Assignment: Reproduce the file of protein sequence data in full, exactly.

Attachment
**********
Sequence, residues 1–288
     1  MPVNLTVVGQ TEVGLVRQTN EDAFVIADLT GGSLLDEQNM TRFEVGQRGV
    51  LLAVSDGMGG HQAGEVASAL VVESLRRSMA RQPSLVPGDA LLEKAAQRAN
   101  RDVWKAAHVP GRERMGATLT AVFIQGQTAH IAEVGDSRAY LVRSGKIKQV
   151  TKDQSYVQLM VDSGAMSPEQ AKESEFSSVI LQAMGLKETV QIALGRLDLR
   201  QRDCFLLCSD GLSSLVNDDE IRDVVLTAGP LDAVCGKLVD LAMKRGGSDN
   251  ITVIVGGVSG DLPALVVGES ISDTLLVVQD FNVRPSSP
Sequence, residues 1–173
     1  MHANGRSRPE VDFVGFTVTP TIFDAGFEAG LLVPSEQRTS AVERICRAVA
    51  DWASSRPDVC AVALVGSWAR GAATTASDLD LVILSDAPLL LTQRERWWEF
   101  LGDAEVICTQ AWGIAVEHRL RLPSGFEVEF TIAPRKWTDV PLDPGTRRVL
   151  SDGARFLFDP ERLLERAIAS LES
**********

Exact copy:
Sequence, residues 1–288
     1  MPVNLTVVGQ TEVGLVRQTN EDAFVIADLT GGSLLDEQNM TRFEVGQRGV
    51  LLAVSDGMGG HQAGEVASAL VVESLRRSMA RQPSLVPGDA LLEKAAQRAN
   101  RDVWKAAHVP GRERMGATLT AVFIQGQTAH IAEVGDSRAY LVRSGKIKQV
   151  TKDQSYVQLM VDSGAMSPEQ AKESEFSSVI LQAMGLKETV QIALGRLDLR
   201  QRDCFLLCSD GLSSLVNDDE IRDVVLTAGP LDAVCGKLVD LAMKRGGSDN
   251  ITVIVGGVSG DLPALVVGES ISDTLLVVQD FNVRPSSP
Sequence, residues 1–173
     1  MHANGRSRPE VDFVGFTVTP TIFDAGFEAG LLVPSEQRTS AVERICRAVA
    51  DWASSRPDVC AVALVGSWAR GAATTASDLD LVILSDAPLL LTQRERWWEF
   101  LGDAEVICTQ AWGIAVEHRL RLPSGFEVEF TIAPRKWTDV PLDPGTRRVL
   151  SDGARFLFDP ERLLERAIAS LES